The Capital Regional District Board approved its budget without Oak Bay represented at the table.
A conflict of interest concern that raised its head last year, reappeared this year, to the dismay of Oak Bay Mayor Nils Jensen.
“They’ve had more than a year to fix this problem and they have not done so. It’s as if they have little or no concern about the taxpayers in certain communities. This can easily be fixed, they’ve just not done so,” Jensen said. “It’s not fair and it’s not right.”
B.C. Court of Appeal decision on conflict of interest a few years ago tied the hands of many local politicians in smaller communities. The court found a pair of elected trustees were in conflict when they vote to approve grants to societies they were directors on, though they had no direct pecuniary interest.
“We’re not particularly unique, many community representatives are conflicted out of budget decisions throughout the region,” Jensen said, adding it’s not uncommon in local government across B.C.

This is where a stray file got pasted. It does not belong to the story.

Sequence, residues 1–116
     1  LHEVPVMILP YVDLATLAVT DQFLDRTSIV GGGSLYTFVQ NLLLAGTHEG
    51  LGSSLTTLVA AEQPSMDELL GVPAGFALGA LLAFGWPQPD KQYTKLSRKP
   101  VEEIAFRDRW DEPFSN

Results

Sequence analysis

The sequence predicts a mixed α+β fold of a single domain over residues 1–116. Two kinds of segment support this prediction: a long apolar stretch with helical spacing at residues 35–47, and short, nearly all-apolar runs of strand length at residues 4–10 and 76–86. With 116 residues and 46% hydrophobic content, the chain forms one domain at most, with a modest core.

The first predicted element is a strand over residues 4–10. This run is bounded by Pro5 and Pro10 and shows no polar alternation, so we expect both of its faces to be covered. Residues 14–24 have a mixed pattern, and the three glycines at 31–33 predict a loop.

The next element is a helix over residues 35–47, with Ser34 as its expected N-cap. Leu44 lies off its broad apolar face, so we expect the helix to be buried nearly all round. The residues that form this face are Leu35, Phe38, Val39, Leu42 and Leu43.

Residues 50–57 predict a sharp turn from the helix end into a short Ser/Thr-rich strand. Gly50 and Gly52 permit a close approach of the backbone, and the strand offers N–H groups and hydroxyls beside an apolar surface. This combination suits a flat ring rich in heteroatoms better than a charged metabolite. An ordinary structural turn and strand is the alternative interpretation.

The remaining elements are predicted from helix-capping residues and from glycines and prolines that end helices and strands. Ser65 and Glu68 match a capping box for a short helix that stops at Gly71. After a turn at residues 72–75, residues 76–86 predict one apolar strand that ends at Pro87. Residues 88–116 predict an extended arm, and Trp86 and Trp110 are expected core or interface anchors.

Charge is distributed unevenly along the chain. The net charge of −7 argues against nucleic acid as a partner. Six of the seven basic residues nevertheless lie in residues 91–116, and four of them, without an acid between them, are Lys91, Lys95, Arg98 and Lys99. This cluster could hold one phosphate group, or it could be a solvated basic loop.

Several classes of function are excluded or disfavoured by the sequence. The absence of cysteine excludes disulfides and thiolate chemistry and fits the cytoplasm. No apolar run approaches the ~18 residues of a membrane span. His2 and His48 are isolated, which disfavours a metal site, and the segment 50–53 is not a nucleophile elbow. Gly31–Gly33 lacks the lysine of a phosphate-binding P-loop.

“Legally I am the chair of the police board and as a result of that I’m required to sit on the Victoria Labour Relations Association; that creates the conflict,” he said.
Oak Bay’s alternate to the CRD is Coun. Kevin Murdoch, who serves as the Greater Victoria Public Library board chair. As a result of that position he’s also on the Labour Relations Association and conflicted out of budget discussions.
“This is the second year in the CRD budget cycle Oak Bay has not been able to have representation. The provincial government has an obligation to move to correct this,” Jensen said. “Essentially we have a situation where Oak Bay has CRD taxation without representation. It is undemocratic.”
The 2016 consolidated operating expenditure portion of the $263.1-million budget pays for a range of more than 200 CRD services and sub-services to over 378,000 people in the region.
The tax increase to Oak Bay translates to $10.59 for an average residential property.
Learn more about the budget online at crd.bc.ca.